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Artwork symbolizing ‘peace in the world
Artwork symbolizing ‘peace in the world’ © United Nations

Introduction

Neutrality — defined as the legal status arising from the abstention of a state from all participation in a war between other states, the maintenance of an attitude of impartiality toward the belligerents, and the recognition by the belligerents of this abstention and impartiality — is critically important for the United Nations to gain and maintain the confidence and cooperation of all in order to operate independently and effectively, especially in situations that are politically charged.

As Article 2 of the UN Charter obligates member states to settle their international disputes by peaceful means and to refrain from the threat, or the use of force in their relations, the General Assembly reaffirmed those obligations in its resolution 71/275.

The resolution also underlined that some states’ national policies of neutrality can contribute to the strengthening of international peace and security and play an important role in developing mutually beneficial relations among countries of the world.

Recognizing that such national policies of neutrality are aimed at promoting the use of preventive diplomacy, which is a core function of the United Nations and occupies a central place among the functions of the Secretary-General, the General Assembly decided to declare 12 December the International Day of Neutrality, and called for marking the day by holding events aimed at enhancing public awareness of the value of neutrality in international relations.

Background

In the face of political tension and escalating crises, it is of great importance to uphold the principles of sovereignty and the sovereign equality of States, territorial integrity, self-determination and non-intervention in the internal affairs of any State, and to defend, promote and encourage the settlement of international disputes by peaceful means in such a manner that international peace and security are not endangered.

Therefore, the policy of neutrality contributes to the strengthening of peace and security in relevant regions and at the global level and plays an important role in developing peaceful, friendly and mutually beneficial relations between the countries of the world.

It is worth noting that the policy of neutrality — a key factor for providing conditions and building a platform for peaceful negotiations — is also closely interconnected with and based on the tools of preventive diplomacy, such as early warning and prevention of conflict, mediation, good offices, fact-finding missions, negotiation, the use of special envoys, informal consultations, peacebuilding and targeted development activities.

Hence, preventive diplomacy is a core function of the United Nations and is central to the role of the United Nations Secretary-General, including the special political missions of the United Nations and the good offices of the Secretary-General in peacemaking, peacekeeping and peacebuilding.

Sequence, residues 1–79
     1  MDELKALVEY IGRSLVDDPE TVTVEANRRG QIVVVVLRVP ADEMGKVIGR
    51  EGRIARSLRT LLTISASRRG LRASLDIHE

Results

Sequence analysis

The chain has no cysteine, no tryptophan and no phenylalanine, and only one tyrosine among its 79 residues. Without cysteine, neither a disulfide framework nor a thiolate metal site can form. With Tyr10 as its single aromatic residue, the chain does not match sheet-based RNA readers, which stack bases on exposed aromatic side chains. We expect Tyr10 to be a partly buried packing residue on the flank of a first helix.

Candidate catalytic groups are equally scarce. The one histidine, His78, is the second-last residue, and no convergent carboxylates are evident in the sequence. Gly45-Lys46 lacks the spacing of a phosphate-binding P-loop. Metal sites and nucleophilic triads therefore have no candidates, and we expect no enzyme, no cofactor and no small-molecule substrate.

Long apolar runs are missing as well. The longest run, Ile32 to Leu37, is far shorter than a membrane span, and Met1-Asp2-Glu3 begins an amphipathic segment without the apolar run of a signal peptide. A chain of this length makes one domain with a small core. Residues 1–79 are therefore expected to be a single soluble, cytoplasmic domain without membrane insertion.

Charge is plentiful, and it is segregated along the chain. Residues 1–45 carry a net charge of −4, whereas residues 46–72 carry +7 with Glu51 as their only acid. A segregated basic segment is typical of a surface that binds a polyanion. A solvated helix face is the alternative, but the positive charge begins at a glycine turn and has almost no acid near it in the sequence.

Consequently, and in accordance with the guiding principles for the strengthening of the coordination of emergency humanitarian assistance of the United Nations system, countries with the status of neutrality play an important role in providing and delivering humanitarian assistance in situations of complex emergencies and natural disasters.

On 2 February 2017, the UN General Assembly adopted without a vote resolution 71/275 — introduced by Turkmenistan, recognized by the UN as a permanently neutral state since 12 December 1995 — which noted the link between the preservation of peace and the 2030 Agenda for Sustainable Development, and declared 12 December as the International Day of Neutrality.

The aforementioned GA resolution also proposes that UN Secretary-General continue to cooperate closely with the neutral states, with a view to implementing the principles of preventive diplomacy and utilizing them in the mediation activities.

Preventive Diplomacy

The United Nations is committed to moving from a culture of "reaction" to one of "prevention". The term "Preventive diplomacy" refers to diplomatic action taken to prevent disputes from escalating into conflicts and to limit the spread of conflicts when they occur. While it is conducted in different forms and fora, both public and private, the most common expression of preventive diplomacy is found in the work of envoys dispatched to crisis areas to encourage dialogue, compromise and the peaceful resolution of tensions. Learn more!

Mediation

Since its inception, the United Nations has played a crucial role in helping to mediate inter- and intra-State conflicts at all stages: before they escalate into armed conflict, after the outbreak of violence, and during implementation of peace agreements. Successful conflict mediation requires an adequate support system to provide envoys with the proper staff assistance and advice, and ensure that talks have the needed logistical and financial resources. Learn more!

Peacemaking

UN peacemaking flourished in the decade following the end of the Cold War, as many longstanding armed conflicts were brought to an end through political negotiated settlements. The organization continues to play a preeminent role in peacemaking, working increasingly in partnership with regional organizations in order to bring ongoing conflicts to an end, and to prevent new crises from emerging or escalating. Learn more!